KENYA – Real estate developer Acorn Holdings through its subsidiary Spruce Properties Limited Liability Partnership, has launched the construction of its US$17.6 billion student accommodation hostels in Nairobi’s Karen under the Qwetu and Qejani brands.
The 3,591 room-hostels will sit on a 5-acre plot, comprising nine residential blocks, which are expected to be completed by the end of 2022.
The development is expected to serve about 10,000 students from JKUAT Karen Campus, Catholic University of East Africa, Cooperative University, Kenya School of Law and other institutions around the area.
According to the company, the hostels aim to provide safe, secure and affordable accommodation to students, with charges expected to range between US$139 and US$153 for a room on the premium Qwetu Brand and between US$70 to US$116 for the Qejani brand.
Other upcoming projects by the developer include the US$7.5 million Nairobi West Qwetu hostels targeting Strathmore University, the US$8.2 million Qwetu 3 and US$6.9 million Qwetu 4 developments targeting United States International University Africa (USIU Africa), all set for completion in 2021.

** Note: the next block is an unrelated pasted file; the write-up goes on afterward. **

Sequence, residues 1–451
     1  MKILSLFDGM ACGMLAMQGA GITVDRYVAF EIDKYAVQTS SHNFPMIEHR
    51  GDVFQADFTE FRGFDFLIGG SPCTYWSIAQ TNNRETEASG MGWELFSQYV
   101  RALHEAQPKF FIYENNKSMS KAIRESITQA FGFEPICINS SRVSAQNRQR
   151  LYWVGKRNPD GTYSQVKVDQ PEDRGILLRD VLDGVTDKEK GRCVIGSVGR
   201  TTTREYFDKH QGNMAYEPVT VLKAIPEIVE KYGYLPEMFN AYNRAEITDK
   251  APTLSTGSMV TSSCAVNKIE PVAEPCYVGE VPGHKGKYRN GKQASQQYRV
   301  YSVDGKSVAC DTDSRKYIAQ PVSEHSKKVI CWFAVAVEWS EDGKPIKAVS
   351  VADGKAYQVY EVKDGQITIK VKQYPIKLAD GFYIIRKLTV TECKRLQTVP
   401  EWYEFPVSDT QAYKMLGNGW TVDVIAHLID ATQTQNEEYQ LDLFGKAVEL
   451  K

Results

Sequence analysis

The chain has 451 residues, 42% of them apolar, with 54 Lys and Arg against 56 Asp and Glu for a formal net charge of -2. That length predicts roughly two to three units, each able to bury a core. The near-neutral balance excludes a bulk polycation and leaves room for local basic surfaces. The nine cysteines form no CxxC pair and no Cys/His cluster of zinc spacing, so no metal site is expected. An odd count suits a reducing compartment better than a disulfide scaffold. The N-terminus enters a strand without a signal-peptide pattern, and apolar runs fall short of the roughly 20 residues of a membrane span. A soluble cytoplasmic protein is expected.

In February 2021, InfraCo Africa, part of the Private Infrastructure Development Group (PIDG), subscribed to the Acorn Holdings Ltd (Acorn) Real Estate Investment Trust (REIT) by investing US$10 million enable Acorn to scale its business.
As student numbers grow, Kenya is experiencing a chronic shortage of suitable student accommodation and Acorn is seeking to attract private sector investment from Kenya’s local capital markets in order to achieve its ambitious growth strategy.
Unlike traditional equity, REITs offer a tax-efficient means of raising capital, enabling Acorn to achieve scale quickly and as an anchor investor into both REITs, InfraCo Africa’s involvement gave significant comfort to local private sector investors who were considering REITs for the first time and mobilized funds from local pension schemes, insurance companies and high net worth individuals.
On the other hand, in March of 2021, Student Factory Africa, a consortium of architects, partnered with a Dutch-based private equity firm EPC to launch students hostel project in Kenya worth US$50 million to address the gap in the sector
According to data from Kenya’s Ministry of Education, available student housing in Kenya stood at 300,000 compared to a university enrolment of 520,900 in 2019, excluding technical and vocational education and training colleges.